Subject: I have found a CD that I think you would enjoy
Genres: Jazz, Pop
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Steep hits a home run....Again
swingswingswing | Australia | 09/08/2000
(5 out of 5 stars)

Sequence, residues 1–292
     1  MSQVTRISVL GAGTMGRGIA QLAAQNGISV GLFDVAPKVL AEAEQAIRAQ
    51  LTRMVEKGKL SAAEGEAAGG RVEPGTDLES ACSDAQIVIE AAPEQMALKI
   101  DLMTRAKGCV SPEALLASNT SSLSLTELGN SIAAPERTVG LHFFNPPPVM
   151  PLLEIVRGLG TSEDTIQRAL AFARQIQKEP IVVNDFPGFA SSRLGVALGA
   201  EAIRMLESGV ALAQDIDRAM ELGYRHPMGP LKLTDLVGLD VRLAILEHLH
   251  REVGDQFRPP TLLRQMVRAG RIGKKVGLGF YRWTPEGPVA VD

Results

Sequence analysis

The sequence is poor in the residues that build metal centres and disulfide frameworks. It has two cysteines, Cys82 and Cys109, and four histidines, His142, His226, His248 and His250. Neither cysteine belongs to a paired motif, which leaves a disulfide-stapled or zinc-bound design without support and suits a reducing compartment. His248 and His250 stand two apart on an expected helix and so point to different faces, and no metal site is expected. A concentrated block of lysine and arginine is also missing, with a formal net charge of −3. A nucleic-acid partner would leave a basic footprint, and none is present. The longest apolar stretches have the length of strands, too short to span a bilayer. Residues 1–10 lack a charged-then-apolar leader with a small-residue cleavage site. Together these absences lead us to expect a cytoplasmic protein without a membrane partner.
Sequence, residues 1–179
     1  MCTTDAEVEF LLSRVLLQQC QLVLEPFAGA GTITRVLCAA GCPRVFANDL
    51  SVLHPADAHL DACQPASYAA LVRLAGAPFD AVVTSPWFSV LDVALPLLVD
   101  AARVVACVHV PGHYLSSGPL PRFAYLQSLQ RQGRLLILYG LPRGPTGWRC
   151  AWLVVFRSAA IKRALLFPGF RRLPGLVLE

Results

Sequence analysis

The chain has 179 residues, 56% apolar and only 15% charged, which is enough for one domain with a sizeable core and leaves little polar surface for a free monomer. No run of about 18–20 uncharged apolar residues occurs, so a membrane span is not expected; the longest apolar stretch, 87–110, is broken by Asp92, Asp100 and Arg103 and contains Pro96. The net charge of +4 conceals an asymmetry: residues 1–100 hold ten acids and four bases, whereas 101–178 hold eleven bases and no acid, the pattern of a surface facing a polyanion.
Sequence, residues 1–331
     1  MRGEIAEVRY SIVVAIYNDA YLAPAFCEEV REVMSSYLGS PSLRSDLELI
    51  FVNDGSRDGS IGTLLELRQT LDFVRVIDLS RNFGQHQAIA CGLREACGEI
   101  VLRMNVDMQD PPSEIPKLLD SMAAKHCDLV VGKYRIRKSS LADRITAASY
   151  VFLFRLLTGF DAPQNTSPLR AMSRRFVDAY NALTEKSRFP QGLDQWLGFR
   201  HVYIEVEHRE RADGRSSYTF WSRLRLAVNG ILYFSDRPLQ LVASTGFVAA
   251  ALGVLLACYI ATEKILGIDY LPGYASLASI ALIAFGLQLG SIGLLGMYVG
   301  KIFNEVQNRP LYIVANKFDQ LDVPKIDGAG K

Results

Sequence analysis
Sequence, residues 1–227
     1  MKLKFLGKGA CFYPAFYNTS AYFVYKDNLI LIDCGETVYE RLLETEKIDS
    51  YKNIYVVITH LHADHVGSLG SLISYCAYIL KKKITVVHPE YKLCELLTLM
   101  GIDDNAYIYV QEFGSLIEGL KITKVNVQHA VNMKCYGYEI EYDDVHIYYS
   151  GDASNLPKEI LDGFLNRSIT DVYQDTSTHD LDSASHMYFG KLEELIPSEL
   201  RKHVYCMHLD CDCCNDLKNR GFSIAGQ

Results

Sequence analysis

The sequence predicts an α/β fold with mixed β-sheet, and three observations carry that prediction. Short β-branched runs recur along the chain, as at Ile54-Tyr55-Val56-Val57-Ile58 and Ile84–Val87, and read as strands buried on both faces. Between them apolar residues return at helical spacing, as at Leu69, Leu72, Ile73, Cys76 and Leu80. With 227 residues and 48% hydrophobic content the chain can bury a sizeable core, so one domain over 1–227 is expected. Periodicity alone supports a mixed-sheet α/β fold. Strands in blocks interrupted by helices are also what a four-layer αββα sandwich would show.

"For all those people who are looking for an album that is just a vehicle to display their technical prowess this isn't the album for you. For those people searching for an album that represents the highest level of music being produced at the time, Random Abstract is what you've been searching for. Recorded in 1987 at the time where the direction of jazz had been heading in a different direction for quite some time, Random Abstract re-focuses that bearing to what some people may call mainstream today. As the third jazz album to be released by Branford Marsalis there is evidence that an artist mature beyond his years has emerged. In not only sound but also his ability to create melody's that can stand on their own, without the aid of a band to back them up.Random Abstract comprises of several tributes to some of the main contributors to Branford's concept of music. The two most memorable is Crescent City, a tribute to John Coltrane's 1963-1964 period, and his `steep plays bean' version of I Thought About You. You can tell there is a close place in Branford's heart for Ben Webster when he plays a whole song as accurate as he can in one persons style. The hidden track on his latest release Contemporary Jazz is only testimony to this fact. The other is a tip of the cap to the Blue Note concept with a fantastic rendition of Wayne Shorter's Yes And No. Yesterdays is also a highlight not only because of the groups cohesiveness as a unit but also the unusually slow tempo.This cd conforms to Wynton's "if it doesn't have a blues on it, you should take it back". Broadway Fools swings from start to finish, particularly the bass of the then up and coming Delbert Felix. Lewis Nash also shines but the blow out on Lon Jellis is where we find there is a powerhouse that had been shadowed by Jeff "Tain" Watts. I don't think words can describe what Kenny Kirkland achieves on this record. Wether it be a blow out, a tender rendition of Yesterdays or a hard swinging I Thought About You he tears everything up. For the fans of the Marsalis family you will be pleased to know that to obtain more wood sound from the bass, this disc was recorded without the usage of the dreaded bass direct."